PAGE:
A most distressing scene: relatives — who simply want answers about what might have happened to their missing kin — dragged away from another haphazard press conference on flight MH370 in Kuala Lumpur last night. Once again, authorities didn’t have many answers.
That we don’t know where the whereabouts of the plane is not the fault of the government. But its handling of the whole situation has been calamitous. As our international affairs commentator Professor Damien Kingsbury writes today:
“In its five decades in power, assisted by rigging electoral boundaries, the Malaysian government has rarely been held to account, much less scrutiny. It is not used to addressing questions directly or, sometimes, honestly. However in recent years its grip on power has weakened.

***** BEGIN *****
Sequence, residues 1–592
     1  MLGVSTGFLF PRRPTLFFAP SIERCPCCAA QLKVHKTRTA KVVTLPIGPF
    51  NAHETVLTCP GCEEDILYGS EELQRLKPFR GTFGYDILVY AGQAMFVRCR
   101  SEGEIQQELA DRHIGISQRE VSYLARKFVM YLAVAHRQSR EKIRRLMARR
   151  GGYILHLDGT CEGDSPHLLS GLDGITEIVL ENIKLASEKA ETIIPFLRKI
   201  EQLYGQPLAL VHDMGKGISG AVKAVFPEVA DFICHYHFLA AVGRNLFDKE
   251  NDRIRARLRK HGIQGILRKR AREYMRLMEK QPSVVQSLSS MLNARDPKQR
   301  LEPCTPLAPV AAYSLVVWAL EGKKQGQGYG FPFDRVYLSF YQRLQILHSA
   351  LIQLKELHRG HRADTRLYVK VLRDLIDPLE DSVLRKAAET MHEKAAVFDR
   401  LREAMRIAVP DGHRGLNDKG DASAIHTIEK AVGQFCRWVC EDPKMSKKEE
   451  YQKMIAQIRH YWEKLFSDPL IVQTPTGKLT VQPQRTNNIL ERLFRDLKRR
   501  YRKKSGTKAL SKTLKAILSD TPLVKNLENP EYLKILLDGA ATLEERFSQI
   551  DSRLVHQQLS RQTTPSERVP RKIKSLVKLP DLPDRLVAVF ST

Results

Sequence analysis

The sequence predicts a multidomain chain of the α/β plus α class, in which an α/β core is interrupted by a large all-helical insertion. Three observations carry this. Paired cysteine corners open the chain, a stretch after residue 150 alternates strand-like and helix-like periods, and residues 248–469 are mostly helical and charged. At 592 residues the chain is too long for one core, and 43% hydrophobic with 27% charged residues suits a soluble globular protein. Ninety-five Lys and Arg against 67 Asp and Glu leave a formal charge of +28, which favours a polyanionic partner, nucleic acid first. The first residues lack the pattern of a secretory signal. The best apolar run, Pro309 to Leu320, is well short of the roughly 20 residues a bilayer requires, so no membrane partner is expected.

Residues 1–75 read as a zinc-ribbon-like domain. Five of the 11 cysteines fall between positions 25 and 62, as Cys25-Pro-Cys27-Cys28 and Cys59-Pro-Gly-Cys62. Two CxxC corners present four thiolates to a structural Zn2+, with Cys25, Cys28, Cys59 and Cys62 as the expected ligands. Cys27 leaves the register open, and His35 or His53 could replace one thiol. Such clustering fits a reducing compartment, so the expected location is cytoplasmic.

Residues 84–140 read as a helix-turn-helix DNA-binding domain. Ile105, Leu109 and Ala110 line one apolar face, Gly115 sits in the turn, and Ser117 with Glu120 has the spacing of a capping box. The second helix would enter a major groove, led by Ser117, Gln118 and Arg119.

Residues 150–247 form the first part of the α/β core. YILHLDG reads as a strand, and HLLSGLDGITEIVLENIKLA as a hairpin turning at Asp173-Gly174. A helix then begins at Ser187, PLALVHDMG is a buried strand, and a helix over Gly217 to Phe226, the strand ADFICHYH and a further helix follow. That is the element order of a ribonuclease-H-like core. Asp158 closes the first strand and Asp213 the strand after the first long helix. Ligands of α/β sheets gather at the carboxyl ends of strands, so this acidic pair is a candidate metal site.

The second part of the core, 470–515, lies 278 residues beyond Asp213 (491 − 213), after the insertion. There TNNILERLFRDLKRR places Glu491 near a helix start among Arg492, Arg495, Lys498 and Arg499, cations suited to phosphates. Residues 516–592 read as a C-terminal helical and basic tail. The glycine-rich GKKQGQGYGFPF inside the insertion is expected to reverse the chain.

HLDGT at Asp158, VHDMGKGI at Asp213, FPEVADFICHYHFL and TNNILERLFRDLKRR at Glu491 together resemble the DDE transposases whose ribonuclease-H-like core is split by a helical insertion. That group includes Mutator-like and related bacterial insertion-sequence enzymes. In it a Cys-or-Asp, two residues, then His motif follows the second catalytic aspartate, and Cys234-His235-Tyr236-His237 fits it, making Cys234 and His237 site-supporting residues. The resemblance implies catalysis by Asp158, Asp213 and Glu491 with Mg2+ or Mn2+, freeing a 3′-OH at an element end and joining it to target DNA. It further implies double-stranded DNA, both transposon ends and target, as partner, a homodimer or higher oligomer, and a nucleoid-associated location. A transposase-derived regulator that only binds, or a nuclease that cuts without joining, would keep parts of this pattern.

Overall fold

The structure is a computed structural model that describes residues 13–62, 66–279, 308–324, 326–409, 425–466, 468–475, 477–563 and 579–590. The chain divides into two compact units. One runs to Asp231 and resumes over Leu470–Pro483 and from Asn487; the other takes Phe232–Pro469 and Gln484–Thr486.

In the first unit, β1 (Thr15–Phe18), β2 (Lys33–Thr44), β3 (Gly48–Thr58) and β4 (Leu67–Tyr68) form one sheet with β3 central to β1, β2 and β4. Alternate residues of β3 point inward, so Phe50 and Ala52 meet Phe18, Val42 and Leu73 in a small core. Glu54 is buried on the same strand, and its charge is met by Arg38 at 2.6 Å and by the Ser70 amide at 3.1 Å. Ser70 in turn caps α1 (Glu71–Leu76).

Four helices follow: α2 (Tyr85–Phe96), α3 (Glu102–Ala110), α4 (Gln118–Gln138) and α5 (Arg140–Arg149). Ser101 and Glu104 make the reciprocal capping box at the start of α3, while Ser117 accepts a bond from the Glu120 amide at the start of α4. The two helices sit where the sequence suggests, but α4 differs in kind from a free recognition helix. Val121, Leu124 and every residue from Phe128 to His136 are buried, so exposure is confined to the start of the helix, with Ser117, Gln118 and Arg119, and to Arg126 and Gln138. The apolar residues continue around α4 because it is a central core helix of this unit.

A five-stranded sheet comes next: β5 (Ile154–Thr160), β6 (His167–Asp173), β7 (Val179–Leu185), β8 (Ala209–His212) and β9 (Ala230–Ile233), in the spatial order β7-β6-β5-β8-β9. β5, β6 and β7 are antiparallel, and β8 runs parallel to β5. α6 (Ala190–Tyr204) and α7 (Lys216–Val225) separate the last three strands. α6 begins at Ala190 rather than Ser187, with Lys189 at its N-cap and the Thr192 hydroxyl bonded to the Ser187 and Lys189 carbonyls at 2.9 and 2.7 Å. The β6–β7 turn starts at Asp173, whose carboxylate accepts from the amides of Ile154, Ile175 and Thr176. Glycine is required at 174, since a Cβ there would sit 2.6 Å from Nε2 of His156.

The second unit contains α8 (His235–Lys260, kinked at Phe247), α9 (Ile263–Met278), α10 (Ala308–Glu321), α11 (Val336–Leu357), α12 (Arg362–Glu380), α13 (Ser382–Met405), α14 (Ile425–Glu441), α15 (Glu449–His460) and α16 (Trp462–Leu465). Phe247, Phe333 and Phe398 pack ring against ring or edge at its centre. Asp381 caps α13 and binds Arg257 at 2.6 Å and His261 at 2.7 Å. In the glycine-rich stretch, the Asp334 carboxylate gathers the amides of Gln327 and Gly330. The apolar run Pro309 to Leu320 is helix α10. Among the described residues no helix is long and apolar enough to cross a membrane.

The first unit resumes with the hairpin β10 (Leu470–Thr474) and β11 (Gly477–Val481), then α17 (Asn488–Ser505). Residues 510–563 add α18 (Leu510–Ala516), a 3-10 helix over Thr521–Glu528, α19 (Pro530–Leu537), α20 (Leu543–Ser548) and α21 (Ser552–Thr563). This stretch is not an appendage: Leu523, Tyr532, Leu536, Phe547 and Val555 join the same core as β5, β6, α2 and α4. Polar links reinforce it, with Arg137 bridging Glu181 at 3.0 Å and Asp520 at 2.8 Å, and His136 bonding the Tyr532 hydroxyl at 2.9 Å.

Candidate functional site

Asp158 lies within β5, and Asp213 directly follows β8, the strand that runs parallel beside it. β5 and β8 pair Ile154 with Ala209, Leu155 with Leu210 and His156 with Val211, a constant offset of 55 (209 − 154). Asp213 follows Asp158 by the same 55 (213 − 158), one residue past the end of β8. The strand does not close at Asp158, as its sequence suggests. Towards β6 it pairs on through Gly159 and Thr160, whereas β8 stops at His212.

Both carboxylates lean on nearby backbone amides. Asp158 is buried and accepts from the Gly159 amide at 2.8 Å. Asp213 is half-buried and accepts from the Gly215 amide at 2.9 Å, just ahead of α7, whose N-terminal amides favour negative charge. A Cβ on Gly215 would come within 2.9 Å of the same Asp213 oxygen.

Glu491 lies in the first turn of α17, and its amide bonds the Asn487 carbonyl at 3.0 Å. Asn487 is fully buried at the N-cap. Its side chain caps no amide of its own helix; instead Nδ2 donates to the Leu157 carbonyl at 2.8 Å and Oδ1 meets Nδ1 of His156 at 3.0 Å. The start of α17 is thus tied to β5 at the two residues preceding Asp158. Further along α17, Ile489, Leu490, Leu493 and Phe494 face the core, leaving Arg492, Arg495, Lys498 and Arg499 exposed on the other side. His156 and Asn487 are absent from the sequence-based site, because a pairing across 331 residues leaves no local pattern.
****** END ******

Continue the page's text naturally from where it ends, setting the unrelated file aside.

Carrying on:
“The MH370 crisis has shown how sclerotic the otherwise comfortable Malaysian government has become.”
In a void of real information, that’s an issue worth talking about.
It is with heavy hearts that we write to confirm that our Dog is leaving Crikey.
We will miss him dearly. Plucked from obscurity (yes, a call centre) seven years ago, pre-Twitter, if you can imagine it, First Dog on the Moon has gone from repeatedly marvelling out loud in amazement that he was “actually a full-time paid cartoonist” to an actual full-time paid cartoonist who owns at least one fancy suit, has met at least one prime minister (twice) and can now write “Walkley Award-winning” at the top of his bio. In his time with us he’s covered three election campaigns, an interregnum, Sarah Palin, that time we made him move his desk, the death of Kevin Rudd’s cat, a disproportionate amount of PMs, and everything in between.
Dog came to us as a fan of Crikey and that meant he was always more than just a cartoonist to us. He was committed to what Crikey stands for and he shared his ideas on everything, whether we wanted them or not. Crikey is all the richer for having housed, fed and watered him.
We’re very proud of his achievements. Tomorrow will be his last cartoon.